If anyone thought for a moment about what was happening–only the DOE apparently was prepared to do this–then Bayh-Dole’s standard patent rights clause would have come with multiple default variations, not just with the DOE’s stipulation for nuclear propulsion and weapons systems. There would be an exceptional circumstances clause as well for development for commercial or regulatory use, one for health and welfare directed research, one for where the federal government was the primary user or dominant user (i.e., no established non-governmental market), and one where the contractor operated a federal lab (Stevenson-Wydler, anyway) or coordinated the work of others (for instance, as a general contractor on a grant). These patent rights clauses would be baked into the structure of the standard patent rights clause regulations. Instead, federal agencies, by not taking such action, would have to justify their public missions research contract by research contract–which for the most part they don’t do.

Once Bayh-Dole has displaced Kennedy’s first conditions of government ownership and made it difficult to recover those through statutory procedures, it can then transform march-in based on the second prong in Kennedy. In particular, Bayh-Dole’s default ignores whether federally supported research concerns public health or welfare. In Kennedy, that mattered. In Bayh-Dole, it doesn’t. Further, Bayh-Dole does not care whether a contractor has technological capabilities and an established non-governmental market for its products. In Kennedy, these were the fundamental rationale for allowing contractor ownership–and only then if the research was outside the four areas for which the government should take ownership and make inventions generally available through dedication or licensing. Thus, in Bayh-Dole, there is no march in based solely on government regulation or public health. To address those matters, a federal agency would have to determine exceptional circumstances and change the ownership default in Bayh-Dole. March in comes too late in the process to matter.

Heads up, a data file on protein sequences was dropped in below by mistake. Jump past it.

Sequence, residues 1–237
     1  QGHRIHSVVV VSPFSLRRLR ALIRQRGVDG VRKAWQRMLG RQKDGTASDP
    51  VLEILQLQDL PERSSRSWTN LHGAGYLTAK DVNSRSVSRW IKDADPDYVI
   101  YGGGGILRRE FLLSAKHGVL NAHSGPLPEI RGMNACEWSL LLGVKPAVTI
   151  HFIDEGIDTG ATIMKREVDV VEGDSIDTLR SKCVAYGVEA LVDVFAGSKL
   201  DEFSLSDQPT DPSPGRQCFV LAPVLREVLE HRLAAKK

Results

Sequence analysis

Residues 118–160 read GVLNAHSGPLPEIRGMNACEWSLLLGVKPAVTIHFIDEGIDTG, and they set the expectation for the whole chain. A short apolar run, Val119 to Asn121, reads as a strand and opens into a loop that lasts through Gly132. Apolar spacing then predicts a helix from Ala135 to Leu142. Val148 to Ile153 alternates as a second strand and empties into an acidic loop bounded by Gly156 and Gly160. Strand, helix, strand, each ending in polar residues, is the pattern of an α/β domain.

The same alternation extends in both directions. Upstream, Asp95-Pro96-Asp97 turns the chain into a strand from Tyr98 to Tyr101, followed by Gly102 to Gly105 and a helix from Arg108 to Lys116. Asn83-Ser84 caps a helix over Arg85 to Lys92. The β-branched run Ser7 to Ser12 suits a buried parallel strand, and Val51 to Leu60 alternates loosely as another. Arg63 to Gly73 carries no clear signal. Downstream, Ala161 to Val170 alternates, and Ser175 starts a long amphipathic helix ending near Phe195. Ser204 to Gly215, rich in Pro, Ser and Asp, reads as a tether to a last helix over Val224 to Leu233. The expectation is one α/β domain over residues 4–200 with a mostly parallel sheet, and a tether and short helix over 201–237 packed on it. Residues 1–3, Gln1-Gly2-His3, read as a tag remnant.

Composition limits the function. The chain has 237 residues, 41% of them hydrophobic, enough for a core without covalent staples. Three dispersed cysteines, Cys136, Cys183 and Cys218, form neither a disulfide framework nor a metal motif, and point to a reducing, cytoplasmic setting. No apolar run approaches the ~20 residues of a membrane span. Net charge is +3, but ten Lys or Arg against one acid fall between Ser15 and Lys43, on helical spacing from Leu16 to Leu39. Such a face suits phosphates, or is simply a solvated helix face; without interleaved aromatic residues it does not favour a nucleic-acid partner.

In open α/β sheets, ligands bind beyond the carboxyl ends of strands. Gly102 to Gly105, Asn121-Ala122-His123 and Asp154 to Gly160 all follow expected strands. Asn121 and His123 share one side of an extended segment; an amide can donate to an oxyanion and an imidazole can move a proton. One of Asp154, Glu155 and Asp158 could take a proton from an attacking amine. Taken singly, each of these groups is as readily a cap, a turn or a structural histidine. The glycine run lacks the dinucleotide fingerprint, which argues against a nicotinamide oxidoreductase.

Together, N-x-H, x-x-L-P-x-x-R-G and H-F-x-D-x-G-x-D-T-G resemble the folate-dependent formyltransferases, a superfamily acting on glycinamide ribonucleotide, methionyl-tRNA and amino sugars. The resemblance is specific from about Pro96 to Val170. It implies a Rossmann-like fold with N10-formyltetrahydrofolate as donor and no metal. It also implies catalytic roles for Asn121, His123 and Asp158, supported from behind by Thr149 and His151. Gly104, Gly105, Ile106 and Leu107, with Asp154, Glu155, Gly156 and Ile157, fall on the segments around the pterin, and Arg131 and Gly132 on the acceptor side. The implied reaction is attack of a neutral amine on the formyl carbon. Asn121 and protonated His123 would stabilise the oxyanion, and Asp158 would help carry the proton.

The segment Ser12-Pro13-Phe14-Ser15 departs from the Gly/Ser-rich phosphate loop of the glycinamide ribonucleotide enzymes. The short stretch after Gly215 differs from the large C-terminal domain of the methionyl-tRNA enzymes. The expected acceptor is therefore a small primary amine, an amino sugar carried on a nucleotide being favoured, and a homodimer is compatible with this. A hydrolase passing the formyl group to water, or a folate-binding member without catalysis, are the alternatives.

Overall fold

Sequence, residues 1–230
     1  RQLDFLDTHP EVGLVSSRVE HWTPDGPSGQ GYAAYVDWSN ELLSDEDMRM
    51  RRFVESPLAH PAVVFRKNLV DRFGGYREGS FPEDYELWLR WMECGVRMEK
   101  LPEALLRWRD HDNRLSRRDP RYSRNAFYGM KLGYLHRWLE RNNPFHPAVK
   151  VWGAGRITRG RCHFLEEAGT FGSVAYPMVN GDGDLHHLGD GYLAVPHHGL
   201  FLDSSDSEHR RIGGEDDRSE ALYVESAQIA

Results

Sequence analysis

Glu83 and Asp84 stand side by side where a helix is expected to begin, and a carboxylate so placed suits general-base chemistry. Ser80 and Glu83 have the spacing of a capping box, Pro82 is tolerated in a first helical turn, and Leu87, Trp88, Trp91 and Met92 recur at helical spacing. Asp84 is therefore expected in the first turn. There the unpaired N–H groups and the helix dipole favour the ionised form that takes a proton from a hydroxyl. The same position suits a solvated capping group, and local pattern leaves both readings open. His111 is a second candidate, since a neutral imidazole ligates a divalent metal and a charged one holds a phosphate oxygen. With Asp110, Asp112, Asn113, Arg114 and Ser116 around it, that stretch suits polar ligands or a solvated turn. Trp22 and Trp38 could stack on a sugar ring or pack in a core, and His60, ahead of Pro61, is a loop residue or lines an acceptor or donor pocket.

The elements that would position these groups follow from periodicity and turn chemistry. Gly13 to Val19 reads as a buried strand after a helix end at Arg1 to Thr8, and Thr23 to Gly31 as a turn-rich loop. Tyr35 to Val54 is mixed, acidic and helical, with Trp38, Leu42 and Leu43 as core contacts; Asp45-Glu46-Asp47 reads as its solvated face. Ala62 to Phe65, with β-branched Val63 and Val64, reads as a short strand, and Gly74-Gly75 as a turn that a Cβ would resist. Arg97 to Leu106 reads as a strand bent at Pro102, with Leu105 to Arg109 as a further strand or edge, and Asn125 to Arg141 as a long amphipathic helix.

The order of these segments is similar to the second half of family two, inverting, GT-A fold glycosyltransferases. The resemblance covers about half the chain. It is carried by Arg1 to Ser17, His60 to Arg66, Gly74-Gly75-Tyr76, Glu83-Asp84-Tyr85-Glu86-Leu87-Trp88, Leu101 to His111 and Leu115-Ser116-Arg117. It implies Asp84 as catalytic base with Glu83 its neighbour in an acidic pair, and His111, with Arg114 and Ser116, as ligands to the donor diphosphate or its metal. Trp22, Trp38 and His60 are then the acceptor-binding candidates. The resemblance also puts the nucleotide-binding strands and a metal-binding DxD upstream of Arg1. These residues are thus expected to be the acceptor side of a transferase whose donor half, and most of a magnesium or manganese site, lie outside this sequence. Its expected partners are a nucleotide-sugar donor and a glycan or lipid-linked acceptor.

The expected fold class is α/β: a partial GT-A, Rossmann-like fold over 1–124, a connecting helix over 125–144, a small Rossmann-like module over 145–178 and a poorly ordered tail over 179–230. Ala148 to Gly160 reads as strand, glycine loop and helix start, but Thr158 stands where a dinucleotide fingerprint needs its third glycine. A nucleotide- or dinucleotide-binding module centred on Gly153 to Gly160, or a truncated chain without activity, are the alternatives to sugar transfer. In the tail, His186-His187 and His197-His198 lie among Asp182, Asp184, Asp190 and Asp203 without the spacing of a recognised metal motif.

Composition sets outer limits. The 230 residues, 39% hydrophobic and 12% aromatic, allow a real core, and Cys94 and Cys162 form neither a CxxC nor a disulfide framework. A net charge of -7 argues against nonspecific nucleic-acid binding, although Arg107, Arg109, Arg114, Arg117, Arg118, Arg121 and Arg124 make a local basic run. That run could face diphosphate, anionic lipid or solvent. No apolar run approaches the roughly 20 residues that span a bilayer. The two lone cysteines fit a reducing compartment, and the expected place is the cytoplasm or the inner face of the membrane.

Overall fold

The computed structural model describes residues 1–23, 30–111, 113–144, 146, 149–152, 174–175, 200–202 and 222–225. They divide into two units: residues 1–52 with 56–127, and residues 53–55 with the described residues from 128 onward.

Now look at how Bayh-Dole treats march in for stuff that used to be part of Nixon’s paragraph (g)–the stuff that has to do with regulation and public health. To march in, the federal government has to show that an action is necessary, not merely determine that there’s a regulatory requirement or public health need. What can “action is necessary” possibly mean when combined with the “alleviation” and “reasonably satisfied” conditions?

Compare (Bayh-Dole like):

(A) to require the contractor to grant a license

if the Federal agency determines that such action is necessary to alleviate needs that are not reasonably satisfied

with (Kennedy/Nixon like):

(B) to require the contractor to grant a license

as may be necessary to fulfill public health or safety needs

with (unlike any):

(C) to require the contractor to grant a license

to alleviate what isn’t reasonably satisfied

with (strengthens Kennedy/Nixon march in, but without the Kennedy/Nixon initial claim to government ownership for inventions directed at regulations or public health):

(D) to require the contractor to grant licenses

whenever a regulation requires public use or the invention

involves a matter of public health or welfare

regardless of the contractor’s activity

In (A)–Bayh-Dole–we get a huge intervention of federal agency cogitation with regard to making a determination. In (B)–Kennedy/Nixon–agencies must make the case that the march-in is “necessary” but only to “fulfill public health or safety needs”–nothing here about what the contractor (et al.) may have done to achieve practical application, nothing here about whether the benefits of working an invention are reasonably accessible to the public (Kennedy/Nixon) or available to the public on reasonable terms (Bayh-Dole). It doesn’t matter in Kennedy/Nixon–the government determines what needs should be met, and determines that compulsory licensing will meet those needs. The contractor’s benefit is that compulsory licensing might involve payment to the contractor of a reasonable royalty, and so the contractor may expect compensation for the curtailment of its exclusive rights. In (C)–a variant of Bayh-Dole that doesn’t exist–the provision changes the determination step (and therefore reduces the opportunity for bureaucratic procedures to delay march in) and cuts to the right itself. If there are health or safety needs not reasonably satisfied (i.e., unreasonably satisfied or not satisfied at all), then the government can require licensing. In (D)–the determination is only that a regulation requires public use or the invention is directed at a matter of public health. If so, then a contractor is required to grant licenses on terms that are reasonable. This (D) of course doesn’t exist–but it is the provision that Bayh-Dole ought to have used, given the removal of the four conditions for government ownership stated upfront in Kennedy/Nixon.